The important thing is to listen to your body rather than follow a template. Some days you may be hungrier, so eat more! That’s ok! (Whether that’s before or after training.) Other days you’re not as hungry so don’t force food, and make those an opportunity to test your carb timing and fat fueling for improved fat oxidation.


Being Specific To YOU

That said, intuitive eating sometimes fails us, it can be a tough thing to master, I get it. So what do you specifically need? My best advice is to hire a coach who also does nutrition planning or a sports nutritionist to go through your profile and best determine your fueling needs when we’re talking calories and macros pre, during and post workout.

A shameless plug: I do this work with my athletes and also via consultations—i.e. you don’t have to hire me as your full-time coach; instead, a consult is like an a la carte service to hone in on your needs, like nutrition.

Everyone is different! Don’t get stuck doing what your friend is doing just because it looks right and works for him. Don’t get stuck on the numbers, either. You are a human and your needs are always evolving, by the hour and by the day. It’s important to feel in control of your metabolism but be able to work with it not fight what your body is saying.


Practicing for Race Day

You need to prepare the body to handle food and calories on race day, and this practice starts in training. You should be practicing race-specific fueling at least once a week on long workouts during your specific training phase (i.e. 10-16 weeks before race day). A few times you’ll want to do a specific run through of all your nutrition, starting with dinner the night before and breakfast the morning of, exactly how you’ll do it on race day and also doing an extra long workout (long brick or 20-mile run, etc.). The longer the race, the more important this is to practice and I like my athletes to do the full shebang at least 3-5 times before a big A race.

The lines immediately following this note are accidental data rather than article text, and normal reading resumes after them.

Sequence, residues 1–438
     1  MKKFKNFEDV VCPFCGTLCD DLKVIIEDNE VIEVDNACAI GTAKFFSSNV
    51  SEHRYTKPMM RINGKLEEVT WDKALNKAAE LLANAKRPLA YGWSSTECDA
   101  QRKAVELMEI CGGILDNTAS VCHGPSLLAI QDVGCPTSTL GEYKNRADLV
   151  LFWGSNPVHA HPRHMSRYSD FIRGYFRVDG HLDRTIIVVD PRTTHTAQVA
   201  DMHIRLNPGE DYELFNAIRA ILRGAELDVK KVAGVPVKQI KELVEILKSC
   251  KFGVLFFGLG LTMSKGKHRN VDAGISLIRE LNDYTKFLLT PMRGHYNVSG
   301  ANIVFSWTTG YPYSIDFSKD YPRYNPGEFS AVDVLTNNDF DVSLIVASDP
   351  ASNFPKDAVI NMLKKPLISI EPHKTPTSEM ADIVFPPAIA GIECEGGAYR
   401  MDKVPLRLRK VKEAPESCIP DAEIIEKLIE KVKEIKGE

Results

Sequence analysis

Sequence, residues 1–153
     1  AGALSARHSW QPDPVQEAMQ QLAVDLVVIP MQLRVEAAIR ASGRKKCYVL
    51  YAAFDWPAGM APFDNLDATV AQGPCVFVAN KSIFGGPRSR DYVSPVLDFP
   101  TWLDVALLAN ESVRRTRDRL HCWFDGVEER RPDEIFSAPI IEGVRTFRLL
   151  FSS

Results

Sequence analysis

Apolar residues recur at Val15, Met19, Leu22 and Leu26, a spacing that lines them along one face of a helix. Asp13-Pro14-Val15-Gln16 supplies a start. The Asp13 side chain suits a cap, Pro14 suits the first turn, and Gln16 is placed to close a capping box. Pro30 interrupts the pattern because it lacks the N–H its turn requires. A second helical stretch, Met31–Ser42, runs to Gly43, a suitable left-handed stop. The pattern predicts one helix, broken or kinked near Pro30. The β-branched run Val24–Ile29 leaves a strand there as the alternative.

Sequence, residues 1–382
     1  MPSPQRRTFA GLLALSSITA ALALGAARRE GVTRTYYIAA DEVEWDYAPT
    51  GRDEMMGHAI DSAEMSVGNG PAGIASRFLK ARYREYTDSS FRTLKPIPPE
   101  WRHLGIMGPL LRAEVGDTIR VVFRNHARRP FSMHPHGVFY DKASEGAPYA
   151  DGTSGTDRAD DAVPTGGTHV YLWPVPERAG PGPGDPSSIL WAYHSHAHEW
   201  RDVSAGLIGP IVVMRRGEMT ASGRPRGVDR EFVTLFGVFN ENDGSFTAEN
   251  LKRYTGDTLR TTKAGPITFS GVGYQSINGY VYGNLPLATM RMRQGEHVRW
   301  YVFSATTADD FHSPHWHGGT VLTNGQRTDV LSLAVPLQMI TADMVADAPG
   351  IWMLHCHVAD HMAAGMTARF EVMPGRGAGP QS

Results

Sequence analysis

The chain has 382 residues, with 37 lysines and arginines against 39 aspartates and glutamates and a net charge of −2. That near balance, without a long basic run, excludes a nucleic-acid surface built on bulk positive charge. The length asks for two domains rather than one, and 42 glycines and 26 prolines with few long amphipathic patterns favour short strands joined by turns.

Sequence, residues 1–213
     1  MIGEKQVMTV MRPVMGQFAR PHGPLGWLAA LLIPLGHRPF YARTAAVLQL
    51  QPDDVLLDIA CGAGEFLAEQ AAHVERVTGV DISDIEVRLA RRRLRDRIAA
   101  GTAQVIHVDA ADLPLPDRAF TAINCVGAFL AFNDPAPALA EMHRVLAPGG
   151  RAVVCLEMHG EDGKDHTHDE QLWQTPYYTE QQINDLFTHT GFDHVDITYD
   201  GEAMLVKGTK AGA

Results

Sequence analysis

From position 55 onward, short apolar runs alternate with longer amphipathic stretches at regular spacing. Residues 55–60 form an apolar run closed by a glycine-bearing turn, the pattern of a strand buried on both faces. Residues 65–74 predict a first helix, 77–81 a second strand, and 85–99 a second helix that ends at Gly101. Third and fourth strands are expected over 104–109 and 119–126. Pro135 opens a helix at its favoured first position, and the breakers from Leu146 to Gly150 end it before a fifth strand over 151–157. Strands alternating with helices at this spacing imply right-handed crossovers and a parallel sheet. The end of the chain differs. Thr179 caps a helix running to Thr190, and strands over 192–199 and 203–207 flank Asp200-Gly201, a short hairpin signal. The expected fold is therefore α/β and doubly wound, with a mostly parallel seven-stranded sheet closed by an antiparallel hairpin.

The dinner the night before should be well-planned, that is, make something that ideally and realistically you would be able to eat the night before a race (don’t get takeout from your favorite local joint that would be impossible to replicate at the race location). Avoid traditional carb loading—see our LPC article on that here. You also don’t need to gorge yourself with calories while you’re less active and tapering; you don’t want your digestive system having to work so hard that night when instead you should be resting (yes asking too much of your digestive tract can disrupt sleep). So think, reasonable portions, e.g. 2 chicken thighs, small side of veggies or salad, roasted sweet potato with butter and cinnamon, normal serving of quinoa, a smear of avocado… you get the idea.

Race morning breakfast? Folks, it just depends what you like. Examples are provided in the LPC recipe section. This may be trial and error and it’s mostly about what you feel good eating—and what you can get down while nerves increase. It’s important to keep it relatively simple and items that are known to digest well in your system (don’t sabotage your race performance!), and there’s no right or wrong answer because it is highly individual. Some athletes love high-fat smoothies while some get nauseous just thinking about that before a race… try, experiment, practice in training or your low-priority C races.

Your fat adaptation should be well developed in your other workouts so this breakfast can allow for a bit more carb if you like that, and probably a good idea for long-course or super high-intensity races. I was always well fat adapted and really dialed in, and I would always eat oatmeal for breakfast on race day—it didn’t not screw up my fat burning on long event like 70.3’s. It really doesn’t matter to eat more carbs in an acute sense like that.